For the case of the city network maps, this is the approach I have used with Twitter data:

    1. Define a target geography using a geographic bounding box.
    2. Determine a set of keywords and location names that users inside the target geography may use to identify their location/geography.
    3. Identify a set of “seed” users within the bounding box, or which otherwise appear to verifiably be within the target geography.
    4. Determine which user identifiers are followed by a given user, and record that in a list that maintains the number of followers for a given user identifier.
    5. When a given user identifier is followed by a number of people exceeding a threshold, request the full user information for that user to see if it appears to be within the target geography.
    6. If that user is within the target geography, then feed it into step 4, requesting the user identifiers followed by that user.
    7. Repeat steps 4-7 until there are few new additions to the dataset.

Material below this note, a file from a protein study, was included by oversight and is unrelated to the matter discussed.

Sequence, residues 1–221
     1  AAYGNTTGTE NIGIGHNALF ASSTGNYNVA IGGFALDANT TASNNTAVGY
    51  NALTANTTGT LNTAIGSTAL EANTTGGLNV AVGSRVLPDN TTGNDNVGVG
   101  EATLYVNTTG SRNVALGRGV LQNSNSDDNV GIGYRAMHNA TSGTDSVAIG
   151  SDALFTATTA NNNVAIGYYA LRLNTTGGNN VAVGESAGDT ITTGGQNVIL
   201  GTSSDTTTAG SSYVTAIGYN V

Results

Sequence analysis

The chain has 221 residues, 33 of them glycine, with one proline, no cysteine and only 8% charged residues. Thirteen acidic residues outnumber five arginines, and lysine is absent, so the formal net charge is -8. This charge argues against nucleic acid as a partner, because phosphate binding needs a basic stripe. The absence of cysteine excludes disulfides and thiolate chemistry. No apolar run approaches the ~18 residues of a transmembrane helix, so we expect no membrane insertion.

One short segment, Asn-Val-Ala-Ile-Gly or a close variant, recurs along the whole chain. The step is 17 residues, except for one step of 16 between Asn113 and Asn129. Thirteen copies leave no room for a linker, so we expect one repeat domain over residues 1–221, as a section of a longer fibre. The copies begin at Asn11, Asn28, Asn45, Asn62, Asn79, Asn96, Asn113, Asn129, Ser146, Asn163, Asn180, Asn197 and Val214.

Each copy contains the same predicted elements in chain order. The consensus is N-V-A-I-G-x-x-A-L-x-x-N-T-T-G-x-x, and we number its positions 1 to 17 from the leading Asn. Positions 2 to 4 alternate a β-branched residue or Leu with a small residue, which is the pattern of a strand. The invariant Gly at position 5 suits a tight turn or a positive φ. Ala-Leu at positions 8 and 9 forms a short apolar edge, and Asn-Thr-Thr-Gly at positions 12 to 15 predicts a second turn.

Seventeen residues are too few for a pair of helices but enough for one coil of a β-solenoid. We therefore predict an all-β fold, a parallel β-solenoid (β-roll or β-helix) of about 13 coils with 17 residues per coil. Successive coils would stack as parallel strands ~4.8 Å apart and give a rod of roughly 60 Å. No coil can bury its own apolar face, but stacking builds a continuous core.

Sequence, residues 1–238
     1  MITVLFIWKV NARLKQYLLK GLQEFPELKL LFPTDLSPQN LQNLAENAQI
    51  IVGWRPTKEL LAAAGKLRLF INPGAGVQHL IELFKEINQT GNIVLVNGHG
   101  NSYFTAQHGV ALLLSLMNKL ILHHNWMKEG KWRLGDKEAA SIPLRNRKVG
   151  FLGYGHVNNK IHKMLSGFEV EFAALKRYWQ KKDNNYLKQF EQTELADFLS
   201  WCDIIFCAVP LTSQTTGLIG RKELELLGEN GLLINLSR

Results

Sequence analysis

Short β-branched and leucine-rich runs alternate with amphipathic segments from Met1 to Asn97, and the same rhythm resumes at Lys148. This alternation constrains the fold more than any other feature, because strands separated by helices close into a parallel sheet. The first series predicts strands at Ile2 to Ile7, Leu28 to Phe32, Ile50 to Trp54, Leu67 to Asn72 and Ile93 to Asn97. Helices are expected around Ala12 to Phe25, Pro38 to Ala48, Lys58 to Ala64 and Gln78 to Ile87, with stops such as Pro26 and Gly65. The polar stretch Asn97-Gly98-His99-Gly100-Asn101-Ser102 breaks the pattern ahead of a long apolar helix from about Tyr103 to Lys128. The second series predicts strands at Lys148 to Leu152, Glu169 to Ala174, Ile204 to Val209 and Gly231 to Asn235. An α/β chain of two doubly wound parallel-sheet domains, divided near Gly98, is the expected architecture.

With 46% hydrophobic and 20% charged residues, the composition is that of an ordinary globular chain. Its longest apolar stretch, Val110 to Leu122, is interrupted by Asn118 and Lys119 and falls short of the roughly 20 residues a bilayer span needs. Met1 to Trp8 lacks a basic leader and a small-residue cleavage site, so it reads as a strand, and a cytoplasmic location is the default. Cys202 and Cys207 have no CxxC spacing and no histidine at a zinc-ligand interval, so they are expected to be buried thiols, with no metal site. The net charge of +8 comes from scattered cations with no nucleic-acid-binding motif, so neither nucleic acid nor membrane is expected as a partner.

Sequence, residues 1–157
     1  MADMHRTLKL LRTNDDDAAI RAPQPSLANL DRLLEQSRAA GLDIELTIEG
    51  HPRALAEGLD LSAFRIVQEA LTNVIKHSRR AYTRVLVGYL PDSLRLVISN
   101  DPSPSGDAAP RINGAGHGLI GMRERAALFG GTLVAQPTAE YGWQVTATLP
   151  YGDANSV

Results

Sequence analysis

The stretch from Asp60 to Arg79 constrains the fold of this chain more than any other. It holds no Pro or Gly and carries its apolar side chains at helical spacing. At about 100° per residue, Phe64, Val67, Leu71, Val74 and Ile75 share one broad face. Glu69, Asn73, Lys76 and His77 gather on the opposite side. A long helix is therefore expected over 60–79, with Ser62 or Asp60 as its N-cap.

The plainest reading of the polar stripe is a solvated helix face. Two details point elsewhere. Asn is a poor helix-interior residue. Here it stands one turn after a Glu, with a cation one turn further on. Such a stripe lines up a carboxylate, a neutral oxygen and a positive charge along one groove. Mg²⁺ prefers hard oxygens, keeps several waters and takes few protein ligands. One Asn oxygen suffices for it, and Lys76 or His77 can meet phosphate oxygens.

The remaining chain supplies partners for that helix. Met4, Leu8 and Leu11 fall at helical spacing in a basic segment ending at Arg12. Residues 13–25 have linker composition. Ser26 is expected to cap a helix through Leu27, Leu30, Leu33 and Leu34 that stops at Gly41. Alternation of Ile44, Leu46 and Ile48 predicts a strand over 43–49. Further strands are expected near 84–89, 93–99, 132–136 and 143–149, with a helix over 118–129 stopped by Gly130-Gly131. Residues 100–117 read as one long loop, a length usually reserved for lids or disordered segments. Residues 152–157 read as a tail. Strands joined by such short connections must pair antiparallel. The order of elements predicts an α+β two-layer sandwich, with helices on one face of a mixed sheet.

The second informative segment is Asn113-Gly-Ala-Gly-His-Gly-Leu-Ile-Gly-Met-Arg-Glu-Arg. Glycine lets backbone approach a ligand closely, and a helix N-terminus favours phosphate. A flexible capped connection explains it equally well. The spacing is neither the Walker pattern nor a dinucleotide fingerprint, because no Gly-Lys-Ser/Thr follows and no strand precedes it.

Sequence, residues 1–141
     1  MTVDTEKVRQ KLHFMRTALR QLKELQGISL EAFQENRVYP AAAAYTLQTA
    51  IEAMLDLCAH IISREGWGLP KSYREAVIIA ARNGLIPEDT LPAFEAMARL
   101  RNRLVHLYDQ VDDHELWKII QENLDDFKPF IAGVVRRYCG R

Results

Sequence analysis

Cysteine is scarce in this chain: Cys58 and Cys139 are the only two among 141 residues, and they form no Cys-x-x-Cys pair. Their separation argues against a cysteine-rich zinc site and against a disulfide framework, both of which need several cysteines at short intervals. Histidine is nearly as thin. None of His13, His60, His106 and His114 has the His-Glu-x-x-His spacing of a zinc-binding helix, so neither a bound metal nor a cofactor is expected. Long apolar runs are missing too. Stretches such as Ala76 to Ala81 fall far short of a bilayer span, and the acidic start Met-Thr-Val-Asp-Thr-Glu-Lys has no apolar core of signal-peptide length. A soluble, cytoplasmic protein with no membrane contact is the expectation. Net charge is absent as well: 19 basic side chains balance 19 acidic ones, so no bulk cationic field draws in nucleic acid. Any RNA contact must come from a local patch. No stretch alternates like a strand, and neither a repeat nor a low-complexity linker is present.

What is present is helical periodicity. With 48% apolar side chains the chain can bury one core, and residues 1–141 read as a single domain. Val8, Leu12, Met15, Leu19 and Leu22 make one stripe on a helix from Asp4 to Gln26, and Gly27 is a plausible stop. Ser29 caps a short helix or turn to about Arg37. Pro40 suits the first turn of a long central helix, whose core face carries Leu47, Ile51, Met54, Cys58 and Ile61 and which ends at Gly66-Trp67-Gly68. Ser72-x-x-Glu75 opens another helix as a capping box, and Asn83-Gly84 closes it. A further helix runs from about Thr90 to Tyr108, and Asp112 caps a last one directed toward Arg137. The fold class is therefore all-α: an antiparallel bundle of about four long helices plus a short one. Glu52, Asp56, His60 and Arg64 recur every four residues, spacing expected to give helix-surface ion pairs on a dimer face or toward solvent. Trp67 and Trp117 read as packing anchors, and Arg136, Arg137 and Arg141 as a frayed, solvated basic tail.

Doing this process once produces a “first draft” data set, which can then be visualized for inspection — to look for improper inclusions, obvious exclusions, and any particular data artifacts or pathologies.

    At this stage, various problems may appear. As an example, if you are trying to visualize Birmingham UK, you will likely end up with some data for Birmingham, Alabama, due to legitimate confusion which may exist between the two communities. At this point, you can modify the test used to determine whether something is inside the target or not, and regenerate the dataset, as well as perform additional data gathering iterations to get more of the “right” data. This process typically takes a few iterations to really drill down into the data you’re looking for.

    One persistent problem I’ve come across is a phenomenon called Bieber Holes, which are essentially regions of the network occupied by Justin Bieber fans. They are so virulent, and their networks so dense, that only aggressive exclusion filters can prevent the algorithm from diving down into these holes and unearthing millions of Beliebers — only a fraction of which may pass location tests. Anyway, I’ve developed good techniques to avoid Bieber holes (and similar phenomena) but it’s a reminder that when working with data from the public with algorithmic approaches, editorial discretion is required.

    Laying out the Network Graph